AUGUSTA, Maine — Gov. Paul LePage says he has not changed his position that any bond issued by any state agency needs to be approved by voters at referendum.
LePage said he is shocked at a vote by the legislature’s Appropriations Committee to kill a bill requiring an advisory referendum on bonds sold by the Maine Educational Loan Authority and said he opposes the measure they did approve requiring voter approval for some bonds issued by the Maine Government Facilities Authority.
“I have not changed my position at all,” he said in an interview. “All this borrowing needs to have voter approval.”
During his campaign for governor and in the first session of the 125th Legislature, LePage has not waivered from his position that even moral obligation bonds, those that are not directly backed by the state, need voter approval in some form.
“I am shocked that they killed that bill for student loans,” he said. “I am shocked that they would kill that.”
The Maine Educational Loan Authority has the authority to issue revenue bonds for loans to students for college. Sen. President Kevin Raye, R-Perry, sponsored the bill that would have the voters approve that borrowing authority for three years so that every bond sale would not need voter approval. Members of the Appropriations Committee unanimously rejected the bill.
“We really didn’t discuss this much in caucus,” said Rep. Peggy Rotundo, D-Lewiston, the Democrat lead on the panel. “We don’t see this as necessary.”
Sen. Richard Rosen, R-Bucksport, the committee co-chairman said his caucus felt the same. He said there is a significant difference between bonds paid by the taxpayers and bonds paid by students that borrow for college.
“We heard the arguments in the testimony, but when we took a look at the existing statutes and the mechanism that is available to that particular entity, and we thought that it has worked well,” he said.
The panel split on party lines over legislation that would require the Maine Government Facilities Authority bonds receive voter approval. Since 1992, the authority has issued hundreds of millions of dollars in bonds to build or renovate courts, state buildings, prisons and psychiatric hospitals.
As of June 30th, 2011, the authority had bonded debt of about $172 million paid for by state Appropriations. General obligation bonds authorized by the voters at referendum totals $725 million.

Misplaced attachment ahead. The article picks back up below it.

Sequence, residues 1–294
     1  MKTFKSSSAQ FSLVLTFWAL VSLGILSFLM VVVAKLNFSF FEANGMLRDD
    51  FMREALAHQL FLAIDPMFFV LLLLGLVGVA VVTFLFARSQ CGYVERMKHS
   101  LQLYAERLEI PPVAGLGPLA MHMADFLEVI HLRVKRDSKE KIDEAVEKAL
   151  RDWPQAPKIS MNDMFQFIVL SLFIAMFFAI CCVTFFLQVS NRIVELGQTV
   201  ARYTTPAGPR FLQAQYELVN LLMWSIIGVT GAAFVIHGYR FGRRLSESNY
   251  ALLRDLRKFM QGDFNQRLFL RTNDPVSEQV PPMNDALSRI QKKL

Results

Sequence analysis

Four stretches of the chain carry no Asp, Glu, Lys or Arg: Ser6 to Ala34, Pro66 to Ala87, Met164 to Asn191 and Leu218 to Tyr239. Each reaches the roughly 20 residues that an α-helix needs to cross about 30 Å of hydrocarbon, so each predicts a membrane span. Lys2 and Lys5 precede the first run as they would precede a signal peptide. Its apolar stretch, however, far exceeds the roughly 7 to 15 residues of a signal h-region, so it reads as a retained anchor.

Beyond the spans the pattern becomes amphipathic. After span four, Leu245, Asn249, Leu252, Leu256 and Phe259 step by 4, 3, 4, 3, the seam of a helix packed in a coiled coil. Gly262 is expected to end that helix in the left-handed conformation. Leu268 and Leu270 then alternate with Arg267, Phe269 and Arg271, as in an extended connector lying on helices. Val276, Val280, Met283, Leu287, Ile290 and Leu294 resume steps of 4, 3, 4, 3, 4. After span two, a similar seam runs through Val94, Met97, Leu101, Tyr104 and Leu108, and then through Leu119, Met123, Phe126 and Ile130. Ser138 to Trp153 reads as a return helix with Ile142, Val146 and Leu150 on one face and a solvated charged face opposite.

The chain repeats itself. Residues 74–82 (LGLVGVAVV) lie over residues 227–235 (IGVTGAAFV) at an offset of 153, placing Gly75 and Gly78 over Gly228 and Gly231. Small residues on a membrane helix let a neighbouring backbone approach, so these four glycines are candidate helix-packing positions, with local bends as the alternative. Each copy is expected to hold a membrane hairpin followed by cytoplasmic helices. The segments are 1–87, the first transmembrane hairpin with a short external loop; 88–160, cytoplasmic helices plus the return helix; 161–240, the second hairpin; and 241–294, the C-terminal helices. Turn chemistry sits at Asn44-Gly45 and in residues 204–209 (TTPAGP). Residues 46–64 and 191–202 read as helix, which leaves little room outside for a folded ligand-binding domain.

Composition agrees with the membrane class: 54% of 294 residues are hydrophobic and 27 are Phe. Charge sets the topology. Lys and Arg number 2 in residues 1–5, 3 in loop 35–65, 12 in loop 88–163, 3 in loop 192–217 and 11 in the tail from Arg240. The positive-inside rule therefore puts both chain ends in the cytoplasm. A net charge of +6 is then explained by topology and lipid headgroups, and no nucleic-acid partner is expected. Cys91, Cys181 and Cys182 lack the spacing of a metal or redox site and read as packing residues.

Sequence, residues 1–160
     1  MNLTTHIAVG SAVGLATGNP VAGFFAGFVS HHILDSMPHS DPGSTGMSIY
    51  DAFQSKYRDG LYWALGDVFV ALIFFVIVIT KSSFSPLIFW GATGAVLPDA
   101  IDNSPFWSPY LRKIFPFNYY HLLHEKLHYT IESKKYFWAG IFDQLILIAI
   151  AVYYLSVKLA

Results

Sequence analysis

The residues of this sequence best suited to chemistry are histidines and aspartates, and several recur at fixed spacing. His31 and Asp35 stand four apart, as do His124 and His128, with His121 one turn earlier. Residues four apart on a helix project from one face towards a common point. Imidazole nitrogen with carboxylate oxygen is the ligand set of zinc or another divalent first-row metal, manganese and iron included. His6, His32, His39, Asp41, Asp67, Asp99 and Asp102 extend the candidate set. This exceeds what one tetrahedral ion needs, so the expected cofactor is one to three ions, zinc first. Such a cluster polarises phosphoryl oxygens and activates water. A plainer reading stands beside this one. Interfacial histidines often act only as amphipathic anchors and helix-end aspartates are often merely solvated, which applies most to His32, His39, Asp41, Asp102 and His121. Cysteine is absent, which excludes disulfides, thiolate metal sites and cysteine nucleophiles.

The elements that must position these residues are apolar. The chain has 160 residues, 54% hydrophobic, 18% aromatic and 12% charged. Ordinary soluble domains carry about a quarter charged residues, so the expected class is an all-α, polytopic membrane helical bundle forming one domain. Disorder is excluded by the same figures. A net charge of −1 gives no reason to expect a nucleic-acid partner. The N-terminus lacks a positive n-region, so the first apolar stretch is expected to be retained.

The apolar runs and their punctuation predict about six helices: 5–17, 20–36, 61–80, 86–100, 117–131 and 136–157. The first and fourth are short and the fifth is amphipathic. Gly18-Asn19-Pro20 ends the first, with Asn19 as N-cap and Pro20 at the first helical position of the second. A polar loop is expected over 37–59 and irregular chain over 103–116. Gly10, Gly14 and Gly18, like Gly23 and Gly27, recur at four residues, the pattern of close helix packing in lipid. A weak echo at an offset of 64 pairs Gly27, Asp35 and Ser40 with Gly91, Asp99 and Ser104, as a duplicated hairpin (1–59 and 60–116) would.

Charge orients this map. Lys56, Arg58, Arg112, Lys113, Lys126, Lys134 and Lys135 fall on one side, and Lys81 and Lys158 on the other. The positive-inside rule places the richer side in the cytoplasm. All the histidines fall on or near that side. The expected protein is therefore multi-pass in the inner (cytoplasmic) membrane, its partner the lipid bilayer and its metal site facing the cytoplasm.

LePage wants all future bonds issued by the authority to be approved by the voters, but Republicans on the Appropriations Committee voted to exempt those issued for court facilities. Sen. Roger Katz, R-Augusta, offered the amendment to exempt court borrowing.
“The reality is that for instance, a courthouse project in York County is unlikely to get statewide support, or a court project in Aroostook County is not likely going to get statewide support,” he said.
Rep. John Martin, D-Eagle Lake, argued that if building projects for general government need to get voter approval, then so should building projects for the courts.
“The effect of this amendment is to only protect the courts,” Martin said.
He said the amendment was made at the request of the courts in a letter to the committee.
Katz agreed that was where he got the language in his amendment. He said his proposal would in effect go back to the days when the Maine Government Facilities Authority was the Maine Court Facilities Authority.
“I have a real problem with that,” LePage said. He said he has not seen the proposal but he will review the bill if lawmakers pass it when they return May 15 and then decide what he will do if it makes it to his desk.
Rep. Rotundo said her caucus opposed the Katz amendment because they believe that if any bonds issued by the Government Facilities Authority need voter approval, they all should need approval. She said Democrats voted against the bill because they do not agree all borrowing needs to have voter approval.
“I am very concerned about the governor blocking bonds in general,” she said. “There are some important projects where hospitals, for example, are paying more to borrow money for construction than they should have to because the governor will not sign off on the bonds.”